Learn to make Pancit Canton through this easy recipe. These Filipino Noodles with Pork and Shrimp are simply to die for!!
Filipino noodles with pork and shrimp aka Pancit Canton are very hot in our house right now. It seems that children simply don’t get tired of these moorish, salty noodles with crunchy vegetables and neither do we.
I must admit I am slightly surprised. I thought they’d be popular but this undying love is new to my children’s behaviour. Even Vika, who usually gets bored half way through her meal, polishes off her plate when these noodles are for lunch or dinner.
Why you should make Filipino Pancit Canton
And this, my friends, is very good news because Filipino noodles are quick, made with everyday ingredients that are mostly likely already in your fridge and pantry, and they are FULL of good stuff! They are also pretty economical!
What is Filipino food like?
It seems like simple and inexpensive are the words to describe Filipino cuisine, or at least the part I am familiar with.
For Asian food, Filipino food stands out for its short ingredient list and the lack of obscure items. Salty and sour taste is what characterises it and it is very easy to recreate at home.
It is NOT eaten with chopsticks as in many Asian countries but with a fork and a spoon. Yes, I meant to say a spoon and not a knife. 🙂
After I posted the recipe for Chicken Adobo, it became pretty clear that you, my friends, LOVED it and wanted more of similar recipes. So today I come to you with another family favourite and an incredibly popular dish in the Philippines-Pancit Canton.
Pancit simply means “noodles” in the Philippines and Canton-“Chinese”. A large portion of the Filipino cuisine is influenced by the Chinese, but after centuries of cooking it, they made it their own and Pancit Canton is a good example of it.
You might wonder how I know all these things…well I spent a year in the Philippines in my early twenties and to this day the country remains pretty special to me.
What is Pancit Canton?
So let’s talk about this crazy delicious yet simple dish. Pancit Canton is pretty special to the Filipinos and is often made for birthday celebrations.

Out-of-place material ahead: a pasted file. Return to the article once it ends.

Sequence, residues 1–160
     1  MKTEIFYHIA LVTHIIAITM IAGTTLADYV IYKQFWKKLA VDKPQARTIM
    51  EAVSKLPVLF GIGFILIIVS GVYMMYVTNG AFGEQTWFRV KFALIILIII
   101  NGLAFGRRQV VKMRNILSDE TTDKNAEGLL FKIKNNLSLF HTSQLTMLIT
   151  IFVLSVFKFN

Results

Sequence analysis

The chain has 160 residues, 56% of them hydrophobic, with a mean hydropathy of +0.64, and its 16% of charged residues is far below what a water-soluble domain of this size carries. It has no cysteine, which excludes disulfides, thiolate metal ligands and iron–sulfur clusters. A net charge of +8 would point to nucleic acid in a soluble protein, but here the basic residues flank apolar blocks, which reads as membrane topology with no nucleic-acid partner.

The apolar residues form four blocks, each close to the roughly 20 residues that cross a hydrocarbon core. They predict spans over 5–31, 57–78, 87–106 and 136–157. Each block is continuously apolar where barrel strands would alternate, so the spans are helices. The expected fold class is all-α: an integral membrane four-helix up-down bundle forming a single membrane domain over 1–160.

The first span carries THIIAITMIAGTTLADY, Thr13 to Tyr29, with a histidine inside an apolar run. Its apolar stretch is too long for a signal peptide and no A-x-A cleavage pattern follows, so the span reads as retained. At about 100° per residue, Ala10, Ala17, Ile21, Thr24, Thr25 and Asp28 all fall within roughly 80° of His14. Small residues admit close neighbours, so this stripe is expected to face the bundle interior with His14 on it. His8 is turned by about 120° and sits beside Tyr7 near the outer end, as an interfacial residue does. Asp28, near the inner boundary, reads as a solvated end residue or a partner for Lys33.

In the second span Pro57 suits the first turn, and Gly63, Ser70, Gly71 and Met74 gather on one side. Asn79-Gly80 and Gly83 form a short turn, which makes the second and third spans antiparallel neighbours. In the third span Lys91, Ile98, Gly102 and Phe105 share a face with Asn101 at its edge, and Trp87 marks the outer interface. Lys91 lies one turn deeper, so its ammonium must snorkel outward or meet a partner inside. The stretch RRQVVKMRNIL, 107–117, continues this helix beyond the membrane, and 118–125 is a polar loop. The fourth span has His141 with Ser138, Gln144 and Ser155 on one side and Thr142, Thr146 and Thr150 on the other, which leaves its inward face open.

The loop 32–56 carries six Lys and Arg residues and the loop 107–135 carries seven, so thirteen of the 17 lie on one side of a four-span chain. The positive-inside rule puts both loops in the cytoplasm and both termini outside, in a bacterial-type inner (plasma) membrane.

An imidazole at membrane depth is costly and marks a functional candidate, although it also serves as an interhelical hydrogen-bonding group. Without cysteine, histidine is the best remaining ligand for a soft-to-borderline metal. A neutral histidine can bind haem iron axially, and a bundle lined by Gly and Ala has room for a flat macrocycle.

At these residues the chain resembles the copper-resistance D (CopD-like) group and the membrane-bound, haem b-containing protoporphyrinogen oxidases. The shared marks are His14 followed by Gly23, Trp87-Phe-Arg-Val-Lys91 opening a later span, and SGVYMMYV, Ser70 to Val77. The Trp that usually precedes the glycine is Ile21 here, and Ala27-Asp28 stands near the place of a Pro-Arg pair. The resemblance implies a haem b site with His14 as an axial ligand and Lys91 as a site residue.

It can be made with pork or chicken, with or without shrimp, with egg noodles or cellophane noodles (the clear kind, and my personal favourite).
But what remains constant is soy sauce soaked noodles with a tri-veg combination. Carrots, string beans and cabbage.
In my recipe I used runner beans, which I sliced thinly but feel free to use regular green beans or string beans if you can find them in Asian markets.
How to make Filipino noodles with pork and shrimp
The recipe I am sharing today is my slight adaptation of a recipe that my friend, who also spent that year in the Philippines, shared with me. I changed the cooking method slightly, which I think simplified the recipe. I also added a drop of sesame oil to the dish.
I’ve never seen it being used by home cooks but I could always smell it from street stands and in restaurants, so I am assuming it’s still authentic and if not, I am not apologising because it makes it more fragrant and delicious.
My version of Filipino noodles with pork and shrimp takes 30 minutes to make and feeds 4 but could be doubled or tripled if you have a big enough pan!
- 2 tbsp vegetable oil
- 1 small onion chopped
- 2 garlic cloves minced
- 200 g/7 oz pork loin sliced thinly
- 100 g/1 cup of each carrot green beans and cabbage, sliced thinly
- 3 tbsp +1 tbsp soy sauce
- 125 g/ 4 oz shrimp
- 250 g/8 oz egg noodles
- 1 tsp sesame oil
- 1 lime quartered (optional)
- 2 green onions sliced
- In a deep pan or a wok heat vegetable oil over medium heat, then add onion, garlic and cook for 1 minute, then add pork, a pinch of salt and stir fry until pork is cooked for about 5 minutes.
- Add carrots, green beans and cabbage, soy sauce and shrimp, stir to combine and cook on medium-high heat for 7 minutes stirring occasionally until the vegetables are tender but still slightly crisp.
- While your vegetables are cooking, prepare the noodles according to package directions. They take 4 minutes on average.
- Drain the noodles and add to the pan, toss everything together, taste and add an additional tablespoon of soy sauce and a teaspoon of sesame oil, sprinkle with sliced green onion.
- Serve with lime quarters.